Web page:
TechRev_AL writes: A California start-up called Porifera is developing membranes containing carbon nanotubes to capture carbon dioxide from smokestacks more effectively. The membranes used to capture CO2 from smokestacks needbe selective, allowing carbon dioxide to pass through and not the other exhaust gases. This produces a concentrated stream of CO2 for capture. Porifera has found that carbon nanotubes are particular good at this--gases can move through the interior of nanotubes extremely quickly--at rates 100 times as fast as through conventional membrane materials.

Submission + - Google Launches Public DNS Resolver (blogspot.com)

AdmiralXyz writes: Google has announced the launch of their free DNS resolution service, called Google Public DNS. According to their blog post, Google Public DNS uses continuous record prefetching to avoid cache misses- hopefully making the service faster- and implements a variety of techniques to block spoofing attempts. They also say that (unlike an increasing number of ISPs), Google Public DNS behaves exactly according to the DNS standard, and will not redirect you to advertising in the event of a failed lookup. Very cool, but of course there are questions about Google's true motivations behind knowing every site you visit...

Submission + - FCC Preparing Transition to VoIP Telephone Network (fcc.gov)

mantis2009 writes: The US Federal Communications Commission (FCC) published a request for public comment on an upcoming transition from the decades-old circuit-based Public Switched Telephone Network to a new system run entirely with Voice over Internet Protocol (VoIP) technology. This is perhaps the most serious indication to date that the legacy telephone system will, in the near future, reach the end of its life. This public commenting phase represents a very early stage in what will undoubtedly be a very complex transition that makes this year's bumpy switch from analog to digital television look relatively easy.

Submission + - Motorola Droid has serious WiFi issues (motorola.com)

GrantRobertson writes: "There is a forum thread on the Motorola web site with 28 pages of complaints from people, many experienced in IT issues, who cannot get their new toys to connect to Wifi properly. Many can get an IP address but no data transfers. Others can get some data to transfer but then it rapidly slows to a crawl.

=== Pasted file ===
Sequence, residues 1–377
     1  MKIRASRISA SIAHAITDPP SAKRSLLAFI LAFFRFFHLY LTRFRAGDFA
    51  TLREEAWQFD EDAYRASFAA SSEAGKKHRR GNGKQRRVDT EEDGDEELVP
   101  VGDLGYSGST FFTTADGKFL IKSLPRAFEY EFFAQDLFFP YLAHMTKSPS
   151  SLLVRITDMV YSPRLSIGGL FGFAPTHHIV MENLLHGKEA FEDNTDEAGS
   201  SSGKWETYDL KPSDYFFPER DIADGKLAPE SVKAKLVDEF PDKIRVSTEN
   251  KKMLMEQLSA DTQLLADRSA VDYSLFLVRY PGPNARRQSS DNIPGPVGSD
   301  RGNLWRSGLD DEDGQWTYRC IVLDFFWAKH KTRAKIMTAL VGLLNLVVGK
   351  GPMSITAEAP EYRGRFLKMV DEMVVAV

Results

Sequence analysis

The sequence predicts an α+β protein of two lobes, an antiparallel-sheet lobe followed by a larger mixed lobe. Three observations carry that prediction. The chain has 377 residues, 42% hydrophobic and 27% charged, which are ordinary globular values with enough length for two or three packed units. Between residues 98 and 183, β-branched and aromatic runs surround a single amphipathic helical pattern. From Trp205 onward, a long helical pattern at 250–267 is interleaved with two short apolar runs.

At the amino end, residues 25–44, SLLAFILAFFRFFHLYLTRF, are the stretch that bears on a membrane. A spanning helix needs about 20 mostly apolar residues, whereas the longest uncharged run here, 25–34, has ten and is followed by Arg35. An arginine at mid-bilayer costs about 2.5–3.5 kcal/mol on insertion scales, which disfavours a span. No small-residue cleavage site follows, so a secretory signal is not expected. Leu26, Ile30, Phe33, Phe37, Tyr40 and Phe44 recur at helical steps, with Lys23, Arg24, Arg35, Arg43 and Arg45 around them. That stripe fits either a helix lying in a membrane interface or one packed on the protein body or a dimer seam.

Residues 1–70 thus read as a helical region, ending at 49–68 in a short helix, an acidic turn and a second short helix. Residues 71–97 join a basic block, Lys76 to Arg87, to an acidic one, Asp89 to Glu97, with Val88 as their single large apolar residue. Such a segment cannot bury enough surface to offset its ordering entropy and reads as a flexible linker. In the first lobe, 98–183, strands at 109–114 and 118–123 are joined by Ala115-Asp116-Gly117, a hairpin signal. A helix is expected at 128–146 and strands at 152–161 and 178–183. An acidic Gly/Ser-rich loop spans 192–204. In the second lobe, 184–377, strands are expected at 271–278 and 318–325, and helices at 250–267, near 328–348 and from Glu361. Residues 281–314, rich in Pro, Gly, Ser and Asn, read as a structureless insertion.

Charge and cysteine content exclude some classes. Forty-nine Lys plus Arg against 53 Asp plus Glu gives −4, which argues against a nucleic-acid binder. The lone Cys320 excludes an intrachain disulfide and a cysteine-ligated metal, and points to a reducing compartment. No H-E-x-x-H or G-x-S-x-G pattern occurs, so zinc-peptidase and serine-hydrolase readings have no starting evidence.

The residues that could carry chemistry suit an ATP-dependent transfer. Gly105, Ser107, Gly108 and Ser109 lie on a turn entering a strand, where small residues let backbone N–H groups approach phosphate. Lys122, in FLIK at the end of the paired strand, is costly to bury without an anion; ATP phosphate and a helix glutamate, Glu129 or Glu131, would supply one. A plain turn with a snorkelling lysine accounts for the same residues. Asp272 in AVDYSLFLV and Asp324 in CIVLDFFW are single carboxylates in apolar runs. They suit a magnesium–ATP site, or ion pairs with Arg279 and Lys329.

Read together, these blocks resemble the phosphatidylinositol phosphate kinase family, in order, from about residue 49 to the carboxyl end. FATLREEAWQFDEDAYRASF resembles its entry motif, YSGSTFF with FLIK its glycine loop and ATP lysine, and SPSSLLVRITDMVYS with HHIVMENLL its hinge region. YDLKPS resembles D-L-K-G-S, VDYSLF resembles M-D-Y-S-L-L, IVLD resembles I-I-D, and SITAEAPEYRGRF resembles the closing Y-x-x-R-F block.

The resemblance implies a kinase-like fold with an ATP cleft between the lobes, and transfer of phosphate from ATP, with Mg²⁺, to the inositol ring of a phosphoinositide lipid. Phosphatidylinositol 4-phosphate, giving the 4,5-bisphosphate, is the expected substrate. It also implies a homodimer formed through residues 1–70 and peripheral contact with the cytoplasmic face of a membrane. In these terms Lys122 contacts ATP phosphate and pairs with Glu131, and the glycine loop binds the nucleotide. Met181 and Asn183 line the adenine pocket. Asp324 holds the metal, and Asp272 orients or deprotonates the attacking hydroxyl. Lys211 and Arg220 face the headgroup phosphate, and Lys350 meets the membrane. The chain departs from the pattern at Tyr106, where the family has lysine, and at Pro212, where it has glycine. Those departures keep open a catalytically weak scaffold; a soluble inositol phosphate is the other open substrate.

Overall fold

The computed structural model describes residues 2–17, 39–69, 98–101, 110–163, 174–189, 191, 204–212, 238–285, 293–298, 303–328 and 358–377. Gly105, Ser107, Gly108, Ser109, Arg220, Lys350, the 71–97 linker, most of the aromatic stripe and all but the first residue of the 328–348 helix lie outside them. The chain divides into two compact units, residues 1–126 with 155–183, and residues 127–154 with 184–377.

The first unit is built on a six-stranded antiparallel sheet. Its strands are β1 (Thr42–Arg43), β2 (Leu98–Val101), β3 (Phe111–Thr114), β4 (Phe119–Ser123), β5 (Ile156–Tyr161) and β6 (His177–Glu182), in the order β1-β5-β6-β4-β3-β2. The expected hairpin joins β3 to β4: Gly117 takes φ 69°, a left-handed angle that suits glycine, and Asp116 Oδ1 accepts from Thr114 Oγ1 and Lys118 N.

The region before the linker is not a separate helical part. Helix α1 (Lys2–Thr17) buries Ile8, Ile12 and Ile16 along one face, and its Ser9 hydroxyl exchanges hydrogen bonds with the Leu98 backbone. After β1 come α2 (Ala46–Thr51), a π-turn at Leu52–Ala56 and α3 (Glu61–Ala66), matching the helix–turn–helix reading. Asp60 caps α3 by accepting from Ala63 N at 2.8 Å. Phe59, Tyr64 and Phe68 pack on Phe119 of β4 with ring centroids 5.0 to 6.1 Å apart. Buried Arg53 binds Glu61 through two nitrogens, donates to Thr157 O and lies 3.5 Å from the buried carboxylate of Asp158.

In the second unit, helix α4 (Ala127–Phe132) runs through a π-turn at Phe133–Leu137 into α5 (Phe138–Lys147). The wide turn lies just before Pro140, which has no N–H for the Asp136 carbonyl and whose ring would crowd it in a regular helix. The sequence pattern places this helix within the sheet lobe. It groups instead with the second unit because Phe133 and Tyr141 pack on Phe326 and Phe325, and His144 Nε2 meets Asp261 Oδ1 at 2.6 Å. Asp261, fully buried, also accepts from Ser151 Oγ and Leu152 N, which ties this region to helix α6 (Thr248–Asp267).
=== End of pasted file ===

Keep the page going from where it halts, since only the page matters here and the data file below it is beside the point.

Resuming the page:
It appears that Motorola has chosen to ignore the issue, pointing the finger at the WiFi access point manufacturers instead, much to the amusement of the forum members. Yes, I am one of the unlucky ones who can't get a connection. My recommendation is to not purchase a Droid until Motorola gets this issue straightened out."

Comment Re:Netbooks get handled a lot rougher . . . (Score 1) 264

Exactly, I would never have brought a $1000+ laptop travelling with me... but my $400 netbook still seems to be running after 4 months in central america, despite being roughly thrown about inside my travelling backpack strapped to the top of buses, taken to the beach, survived tropical storms, etc...

I think I would have had much more trouble keeping a bigger laptop running under the same conditions. In my experience, the most strenuous journey $1000 laptops make is between the desk at home and the desk at work/university.

Comment Re:T-Mobile Customer (Score 2, Interesting) 65

Are you a TMobile UK (or US or Germany or wherever else TMobile do business) customer?

I'm a TMobile UK customer (because I wanted the G1), and my personally customer support experiences with them have been pretty terrible. They refused to pause my contract when I came traveling (whereas other UK telecommunications companies will do so), they lowered the price of the contract a week after I bought my G1 and wouldn't let me downgrade to the lower tariff and every time I talk to them, they just seem unwilling to help...

I'll be happy when my contract expires in February and I'll be able to move back to Orange or O2...

But maybe that's just me... Maybe they just hate me... :(

Comment 18%!?! (Score 1) 277

Where were they surveying exactly? Right outside an programming convention?

Not that I've ever been to Australia, so maybe u guys are all really tech savvy, but I doubt that 18% of the population of Britain would know what C or Java are (nevermind cobol), or even what an operating system is...